Bear Creek Restoration
The Freshwater Trust (TFT) is an Oregon-based non-profit organization with a mission to preserve and restore freshwater ecosystems. In 2018, TFT entered a contract with the City of Ashland to develop and implement a “water quality trading” (WQT) program for the City. This WQT program involves planting and maintaining native trees and shrubs in the Bear Creek watershed, with the goal of generating shade that the City will use to comply with its Clean Water Act wastewater permit.
Establishing a native plant community and controlling invasive weeds will increase stream shade and will also reduce erosion, absorb sediment, nutrients and pollution before they reach the stream, and increase the wildlife habitat and connectivity along the creek corridor. In addition, clearing weeds and replacing them with long-lived native trees and shrubs reduces maintenance needs while beautifying and increasing the property’s value for the public.
The Bear Creek 24.8 site is a streamside (or riparian) planting project on 6.7 acres. It includes the removal and control of invasive species and weeds and the planting of 1,300 native trees and shrubs per acre on both sides of the creek. Temporary plant protection (cages) and an irrigation system have been installed for the first few years to help plants get established. Additionally, weeds are being cleared nearby to prevent them from reentering the project area.
Pre-project conditions: thick swaths of invasive blackberry plants:
Post-planting: New native trees and shrubs:
This area is home to an abundance of wildlife, including American black bear, river otters, herons, egrets, and eagles. While Bear Creek is southwest Oregon’s most urbanized waterbody, it continues to support Chinook and Coho salmon, steelhead, lamprey and other native fish species.
Trees planted here include big leaf maple, Oregon ash, black cottonwood, incense cedar, Ponderosa pine, Douglas fir, Douglas hawthorn, willow, and others. Shrubs planted here include mock orange, chokecherry, Pacific ninebark, Oregon grape, Douglas spirea, snowberry, and blue elderberry. Native trees provide shade, while native shrubs provide flowers for pollinators and berries that become food for wildlife. Certain species thrive by the water’s edge, while others are more drought-resistant and thrive in the upland. All these plants help to develop a dense, healthy, multi-story forest.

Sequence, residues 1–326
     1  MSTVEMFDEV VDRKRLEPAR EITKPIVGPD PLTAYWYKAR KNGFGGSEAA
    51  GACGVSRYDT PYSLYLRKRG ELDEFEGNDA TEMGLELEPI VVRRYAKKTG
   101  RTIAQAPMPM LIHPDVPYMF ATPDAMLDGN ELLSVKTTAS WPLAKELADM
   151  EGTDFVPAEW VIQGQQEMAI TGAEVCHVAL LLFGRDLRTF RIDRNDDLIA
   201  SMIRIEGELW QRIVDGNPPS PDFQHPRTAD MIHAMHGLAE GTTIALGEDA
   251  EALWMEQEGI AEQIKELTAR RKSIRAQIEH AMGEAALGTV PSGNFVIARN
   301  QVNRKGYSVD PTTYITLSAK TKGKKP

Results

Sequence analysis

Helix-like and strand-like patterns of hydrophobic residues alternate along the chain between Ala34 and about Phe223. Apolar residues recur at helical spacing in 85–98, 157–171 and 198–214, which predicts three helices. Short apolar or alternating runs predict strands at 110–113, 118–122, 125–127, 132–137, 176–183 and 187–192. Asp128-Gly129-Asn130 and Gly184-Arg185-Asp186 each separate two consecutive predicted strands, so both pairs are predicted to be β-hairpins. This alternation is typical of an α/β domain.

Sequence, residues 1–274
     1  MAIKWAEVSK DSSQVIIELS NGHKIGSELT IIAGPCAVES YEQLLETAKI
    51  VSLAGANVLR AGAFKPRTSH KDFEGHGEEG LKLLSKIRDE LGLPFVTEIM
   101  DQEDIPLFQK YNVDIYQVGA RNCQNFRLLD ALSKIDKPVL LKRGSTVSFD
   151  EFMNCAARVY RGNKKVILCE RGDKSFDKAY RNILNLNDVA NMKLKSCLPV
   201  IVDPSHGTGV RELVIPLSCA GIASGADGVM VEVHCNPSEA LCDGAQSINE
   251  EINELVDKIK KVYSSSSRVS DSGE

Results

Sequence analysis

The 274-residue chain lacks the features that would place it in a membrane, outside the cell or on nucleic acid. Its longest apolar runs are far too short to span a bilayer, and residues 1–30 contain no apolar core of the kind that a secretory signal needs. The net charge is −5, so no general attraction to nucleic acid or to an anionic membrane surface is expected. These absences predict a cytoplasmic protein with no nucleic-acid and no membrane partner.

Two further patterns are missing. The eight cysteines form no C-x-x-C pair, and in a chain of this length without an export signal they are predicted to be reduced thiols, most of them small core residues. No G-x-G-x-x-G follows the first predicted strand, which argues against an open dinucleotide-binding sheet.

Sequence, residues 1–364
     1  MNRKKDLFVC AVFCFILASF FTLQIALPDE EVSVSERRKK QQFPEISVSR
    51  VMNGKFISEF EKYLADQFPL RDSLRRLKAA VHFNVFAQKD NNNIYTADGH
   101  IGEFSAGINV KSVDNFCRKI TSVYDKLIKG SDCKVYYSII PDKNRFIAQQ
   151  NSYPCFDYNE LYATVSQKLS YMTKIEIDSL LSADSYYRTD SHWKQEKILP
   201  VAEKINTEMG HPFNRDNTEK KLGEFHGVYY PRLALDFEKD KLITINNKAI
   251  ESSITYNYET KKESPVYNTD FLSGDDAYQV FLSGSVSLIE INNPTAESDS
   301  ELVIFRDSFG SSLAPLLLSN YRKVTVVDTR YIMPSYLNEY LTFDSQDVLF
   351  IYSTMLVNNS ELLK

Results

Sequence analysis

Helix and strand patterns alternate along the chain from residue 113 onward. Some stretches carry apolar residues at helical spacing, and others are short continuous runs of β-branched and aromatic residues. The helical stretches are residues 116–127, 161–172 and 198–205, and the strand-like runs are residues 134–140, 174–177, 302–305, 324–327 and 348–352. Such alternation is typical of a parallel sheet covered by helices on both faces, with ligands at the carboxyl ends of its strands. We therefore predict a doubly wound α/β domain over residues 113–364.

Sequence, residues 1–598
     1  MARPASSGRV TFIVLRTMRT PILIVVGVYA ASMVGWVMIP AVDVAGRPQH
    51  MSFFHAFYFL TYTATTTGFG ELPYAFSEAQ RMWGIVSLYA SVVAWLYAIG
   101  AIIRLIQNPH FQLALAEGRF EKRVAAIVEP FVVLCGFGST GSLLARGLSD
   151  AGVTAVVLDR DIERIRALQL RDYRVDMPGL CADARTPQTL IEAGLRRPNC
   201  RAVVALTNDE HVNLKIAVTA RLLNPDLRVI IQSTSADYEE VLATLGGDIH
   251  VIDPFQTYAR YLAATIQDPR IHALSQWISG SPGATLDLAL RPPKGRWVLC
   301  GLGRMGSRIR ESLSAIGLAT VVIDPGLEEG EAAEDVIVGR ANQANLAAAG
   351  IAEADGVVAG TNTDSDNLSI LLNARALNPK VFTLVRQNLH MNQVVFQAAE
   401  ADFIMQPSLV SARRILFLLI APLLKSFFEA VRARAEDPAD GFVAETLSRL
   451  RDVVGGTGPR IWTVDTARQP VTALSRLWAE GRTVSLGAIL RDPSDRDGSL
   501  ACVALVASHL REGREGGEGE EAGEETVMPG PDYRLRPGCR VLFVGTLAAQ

The site was planted in 2022 and will be maintained for 20 years by The Freshwater Trust through the City of Ashland’s Water Quality Trading Program.
The City of Ashland and The Freshwater Trust are partnering to use shade produced from restoring streamside forests to help the City comply with its wastewater permit under the Clean Water Act. This program finds local sites that would benefit from riparian plantings and reduce instream temperature. As the plants grow at each restored site, they block kilocalories of solar load (sunlight), which generates credits for the City and helps keep the stream cool for native fish.
The Freshwater Trust selects sites using its StreamBank® BasinScout® tool, which prioritizes many potential sites based on several values, including benefits to the environment. Sites throughout the basin are identified using satellite imagery and modeled for future conditions of full forests. This allows the team to locate the most impactful planting sites and work with willing landowners to restore them.
Water quality trading sites are closely monitored to ensure that the plants are growing well and that invasive species have not returned. Each year, TFT staff and local contractors visit the sites to mow, treat weeds, and fertilize and irrigate the new plants. Additionally, water quality trading sites have mandatory third-party verifiers who ensure that the site meets its performance targets and generates the credits needed to comply with the wastewater permit requirements.
Get in touch
Have questions about restoration in the Rogue watershed?
Eugene Wier, Restoration Program Manager